Thomas Jefferson Papers

To Thomas Jefferson from Charles Carter, 17 July 1791

From Charles Carter

Ludlow Farm, 17 July 1791. He is obliged for the information in TJ’s of the 10th. He will leave it to his son to decide, but his own choice would be for an American education. “The prejudices formerly imbibed, by the Americans…sent to Brittain for an education, I always thought, were too strong, ever to be overcome. But since our Independence, I hope that no such consequences will derive. Indeed if I were to Judge of what has come within my own observation, in the political line, I woud clearly decide in favor of an American Education. But in Physick, their experience must be greater then ours can possably be, and the opportunities a student will there have, especially in the Anato’mal line far superior.”

He now encroaches a little further on TJ’s goodness and asks whether a loan can be obtained from the Bank with land as security. “The very great scarcity of money in this State distresses many men, me at this time greatly so‥‥coud I obtain 1500 It woud enable me … to pay my just Debts, compleat the Education of my four Sons, and to live in a comfortable manner, and I hope untill my Children are setled in the world.” The 5,000 acres he recovered from Robert Carter in Loudoun would be the security, the rents of which, even at the present low rate, exceed the interest. But as many of the most valuable lots “are for the life of Old Robert Carter only, the rise will be great, so much so, as in a few Years to discharge the debt. Unless I can accomplish this desirable object, I shal be torn to pieces by my Creditors and indeed nothing, but a Jail, can I expect. Another good purpose will be answered, Mrs. Carter, and my Sons will have an opportunity of working between 40 and 50 valuable Slaves to great advantage. The lands are within 30 to 40 miles of George Town, the intended seat of Government. I am happy to hear, our worthy President is returned well, I had the pleasure of seing him as he went, and returnd, he had a very fortunate journey. I shall be glad to hear, yours very much to your satisfaction, and my very much respected Friend Mr. Maddison, was restored to a perfect state of Health. Be so good as to present my respects to him, and be assured Dr. Sr that I am with esteem Yr Affe. Friend.”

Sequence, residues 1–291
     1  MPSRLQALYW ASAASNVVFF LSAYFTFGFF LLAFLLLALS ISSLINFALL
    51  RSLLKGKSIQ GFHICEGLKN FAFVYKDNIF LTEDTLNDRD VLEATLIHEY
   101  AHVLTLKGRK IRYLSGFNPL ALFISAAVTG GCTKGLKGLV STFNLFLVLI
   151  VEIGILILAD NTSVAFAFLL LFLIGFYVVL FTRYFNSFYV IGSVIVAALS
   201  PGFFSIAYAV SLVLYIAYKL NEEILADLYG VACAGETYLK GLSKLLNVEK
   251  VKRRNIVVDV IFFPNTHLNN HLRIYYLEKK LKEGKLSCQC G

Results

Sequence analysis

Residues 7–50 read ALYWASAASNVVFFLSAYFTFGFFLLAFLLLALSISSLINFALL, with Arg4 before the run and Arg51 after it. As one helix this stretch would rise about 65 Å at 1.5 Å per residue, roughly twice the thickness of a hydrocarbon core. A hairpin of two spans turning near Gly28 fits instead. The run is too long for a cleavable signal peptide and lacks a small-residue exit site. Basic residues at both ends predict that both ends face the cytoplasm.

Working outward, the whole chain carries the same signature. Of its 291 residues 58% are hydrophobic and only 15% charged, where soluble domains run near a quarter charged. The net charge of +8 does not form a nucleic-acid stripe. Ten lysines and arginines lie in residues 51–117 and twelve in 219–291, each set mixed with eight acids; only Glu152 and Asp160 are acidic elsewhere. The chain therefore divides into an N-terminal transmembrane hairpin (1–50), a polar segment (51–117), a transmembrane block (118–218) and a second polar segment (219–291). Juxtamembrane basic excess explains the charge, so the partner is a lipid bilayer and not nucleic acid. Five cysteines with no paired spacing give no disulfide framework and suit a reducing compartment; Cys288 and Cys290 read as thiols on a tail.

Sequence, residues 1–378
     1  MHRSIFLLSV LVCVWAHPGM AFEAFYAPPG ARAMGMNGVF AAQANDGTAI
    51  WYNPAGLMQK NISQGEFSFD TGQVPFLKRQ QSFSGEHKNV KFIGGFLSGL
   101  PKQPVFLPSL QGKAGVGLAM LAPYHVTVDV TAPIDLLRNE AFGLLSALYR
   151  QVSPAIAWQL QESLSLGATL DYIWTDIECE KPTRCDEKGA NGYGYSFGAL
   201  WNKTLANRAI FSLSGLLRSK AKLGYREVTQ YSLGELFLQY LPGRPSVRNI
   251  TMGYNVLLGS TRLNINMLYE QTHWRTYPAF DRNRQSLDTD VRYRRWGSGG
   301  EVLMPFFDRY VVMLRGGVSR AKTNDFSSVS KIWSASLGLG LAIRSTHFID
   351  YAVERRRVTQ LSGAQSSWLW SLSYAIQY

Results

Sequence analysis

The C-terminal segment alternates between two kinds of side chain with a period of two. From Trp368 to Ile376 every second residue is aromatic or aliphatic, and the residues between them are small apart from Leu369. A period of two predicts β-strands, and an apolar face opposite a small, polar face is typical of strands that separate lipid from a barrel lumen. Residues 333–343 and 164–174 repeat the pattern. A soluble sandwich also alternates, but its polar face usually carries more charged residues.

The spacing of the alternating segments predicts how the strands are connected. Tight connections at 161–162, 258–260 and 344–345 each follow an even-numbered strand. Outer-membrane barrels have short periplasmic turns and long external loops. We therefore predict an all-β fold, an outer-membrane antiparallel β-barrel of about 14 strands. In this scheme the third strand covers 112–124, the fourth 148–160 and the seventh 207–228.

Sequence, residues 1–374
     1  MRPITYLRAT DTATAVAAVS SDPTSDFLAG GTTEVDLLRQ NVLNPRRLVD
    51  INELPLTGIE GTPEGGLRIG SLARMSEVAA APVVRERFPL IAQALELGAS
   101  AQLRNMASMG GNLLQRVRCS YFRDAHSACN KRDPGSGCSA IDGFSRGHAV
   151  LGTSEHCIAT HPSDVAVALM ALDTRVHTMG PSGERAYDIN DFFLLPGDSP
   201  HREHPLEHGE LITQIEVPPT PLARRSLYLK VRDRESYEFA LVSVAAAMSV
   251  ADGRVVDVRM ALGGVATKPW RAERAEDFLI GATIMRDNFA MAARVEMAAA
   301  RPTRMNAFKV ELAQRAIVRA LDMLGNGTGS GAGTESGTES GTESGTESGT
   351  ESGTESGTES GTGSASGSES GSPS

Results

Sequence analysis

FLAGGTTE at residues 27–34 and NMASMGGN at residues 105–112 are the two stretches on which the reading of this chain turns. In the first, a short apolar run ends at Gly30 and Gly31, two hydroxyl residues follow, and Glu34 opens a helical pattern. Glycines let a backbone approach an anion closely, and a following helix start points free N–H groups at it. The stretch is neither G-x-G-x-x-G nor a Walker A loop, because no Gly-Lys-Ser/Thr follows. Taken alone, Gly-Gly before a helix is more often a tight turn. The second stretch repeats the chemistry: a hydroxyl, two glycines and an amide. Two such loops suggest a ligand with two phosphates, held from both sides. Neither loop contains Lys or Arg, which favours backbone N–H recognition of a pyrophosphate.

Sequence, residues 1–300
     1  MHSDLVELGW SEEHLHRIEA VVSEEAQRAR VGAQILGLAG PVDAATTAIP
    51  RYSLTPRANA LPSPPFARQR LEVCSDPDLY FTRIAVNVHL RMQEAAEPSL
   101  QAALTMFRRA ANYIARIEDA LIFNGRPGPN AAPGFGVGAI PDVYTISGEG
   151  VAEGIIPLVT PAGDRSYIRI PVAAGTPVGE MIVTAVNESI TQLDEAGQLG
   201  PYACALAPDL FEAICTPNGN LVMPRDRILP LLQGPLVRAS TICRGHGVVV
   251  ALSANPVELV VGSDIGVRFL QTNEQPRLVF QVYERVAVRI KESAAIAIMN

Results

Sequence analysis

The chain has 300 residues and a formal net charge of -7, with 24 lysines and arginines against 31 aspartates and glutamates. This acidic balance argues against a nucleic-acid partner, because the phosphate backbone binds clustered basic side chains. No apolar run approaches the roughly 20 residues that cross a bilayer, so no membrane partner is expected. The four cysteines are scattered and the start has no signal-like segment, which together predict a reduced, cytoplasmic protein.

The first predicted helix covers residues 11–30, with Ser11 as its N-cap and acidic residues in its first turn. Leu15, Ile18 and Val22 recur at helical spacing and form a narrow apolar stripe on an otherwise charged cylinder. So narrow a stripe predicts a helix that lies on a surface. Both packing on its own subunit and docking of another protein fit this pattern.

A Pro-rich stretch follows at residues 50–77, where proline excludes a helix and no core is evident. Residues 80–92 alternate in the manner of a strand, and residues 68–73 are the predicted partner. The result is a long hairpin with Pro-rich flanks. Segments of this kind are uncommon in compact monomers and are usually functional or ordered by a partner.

RC (MHi); endorsed by TJ as received 21 July 1791 and so recorded in SJL.

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